Title: Behind the Mask
Author: Tyson Fury
Published by: Century
Publication date: 14 Nov. 2019
Source: Personal Collection
“THE GYPSY KING.
A Manchester lad from Irish Traveller stock, born three months premature and weighing just a pound at birth, Tyson (named after his father’s boxing hero) grew up to become one of the most unlikely heavyweight champions in history. This ‘dream come true’ soon turned to nightmare, however, as alcohol and cocaine abuse took hold and Tyson was stripped of his titles. What followed was the darkest moment of his life – detailed in this book for the first time – in which he came within seconds of ending everything.
THE PEOPLE’S CHAMPION.
Like all the greatest stories, though, there is redemption and Tyson defies all the odds and literally drags himself to his feet. 10 million people around the globe watched Fury fight Wilder in the biggest fight of the boxing calendar. Speaking candidly about his struggles with mental health, this is Tyson Fury as you have never seen him before.
A BRITISH ICON.“
First, I feel like there should be a little background into why I’m reviewing this particular book; I heard about this book whilst listening to Chris Evans breakfast show one morning before Christmas as he was talking to Tyson Fury who was promoting his book at the time. My active interest in boxing hasn’t extended very far beyond Fictional stories but there has always been a nagging pull to get more interested in it, but what really attracted me to the story was the expression that Tyson Fury was at the absolute top of his game had become the Heavy-Weight Champion of the World and didn’t know where to go from there – felt the cold, hard bite of depression. That clicked with me and I wanted to know more. I wanted to know how Tyson Fury dealt with his mental health issues. So when asked what I’d like for my birthday, this was one of the books I asked for and I was very kindly brought it by my parents.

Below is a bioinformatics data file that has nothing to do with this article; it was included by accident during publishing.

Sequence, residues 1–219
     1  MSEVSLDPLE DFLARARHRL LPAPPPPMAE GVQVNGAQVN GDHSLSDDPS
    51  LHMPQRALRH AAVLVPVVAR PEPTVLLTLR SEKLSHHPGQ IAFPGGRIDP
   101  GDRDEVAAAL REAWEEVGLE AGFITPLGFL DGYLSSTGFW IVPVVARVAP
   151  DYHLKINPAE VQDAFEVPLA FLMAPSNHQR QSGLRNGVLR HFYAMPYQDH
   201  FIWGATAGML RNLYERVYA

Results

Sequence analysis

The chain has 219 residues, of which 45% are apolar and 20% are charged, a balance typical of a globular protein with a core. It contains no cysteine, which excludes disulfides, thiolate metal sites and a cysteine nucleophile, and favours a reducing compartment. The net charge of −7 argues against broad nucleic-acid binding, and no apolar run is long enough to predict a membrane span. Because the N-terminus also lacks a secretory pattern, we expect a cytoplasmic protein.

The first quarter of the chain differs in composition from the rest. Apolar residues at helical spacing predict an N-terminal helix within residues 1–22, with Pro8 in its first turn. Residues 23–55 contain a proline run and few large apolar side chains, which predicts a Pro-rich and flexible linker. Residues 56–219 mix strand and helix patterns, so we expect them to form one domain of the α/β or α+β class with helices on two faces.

Whether you like him or not Tyson Fury has put his heart and soul on the line when it comes to his autobiography. Whilst reading, I felt like I was reading about a friend, rather than someone I know nothing about – as mentioned above I know pretty much next to nothing about boxing & the personalities within – and while I’ve never really reviewed an autobiography before, I think if the author can get that feeling of attachment from the reader then they’re doing something right.
I felt that the details about the important fights in Tysons career were explained with enough detail and successfully enough that it felt like I was the one in the ring being hit (and doing the hitting) and while I enjoyed this aspect of the book it was when he was telling the reader about his struggles with mental health that the real emotion came to the fore. What Tyson Fury went through and did to his family is nothing short of shocking and it honestly amazes me when people write down and publish these darkest moment for the world to read about – but I can understand the reasoning here; if his words help someone else going through their own battles then it helps – it’s part of the reason that I picked up this book. Being at the top of my game and feeling terrible whenever I finish a picture I should be proud of. It’s no comparison to what Tyson Fury went through, but it resonated with me.
Autobiographies are a strange book to try and review as they’re so deeply personal and how interested is someone going to be if they don’t know or don’t like the celebrity they are about? Tyson Fury shows his real character in his autobiography and it’s well worth the read if you’re into boxing or are having struggles with mental health yourself – sometimes reading about other peoples trials and what they’re going through is enough to bring yourself up again and if it’s not then there are some handy connections in the back of the book in order to get yourself some proper help.
I enjoyed the book greatly and found it an easy and engaging read – which is all that a reader can ask for when being invited to share someones life. The pages were fast to turn and I found myself really rooting for Tysons successes both in and out of the ring. I think it takes courage to publish a book that’s so open about subjects which aren’t viewed favourably – depression – especially at such a deep and personal level and I know I shall be keeping an eye out for Tyson Fury in the future more too.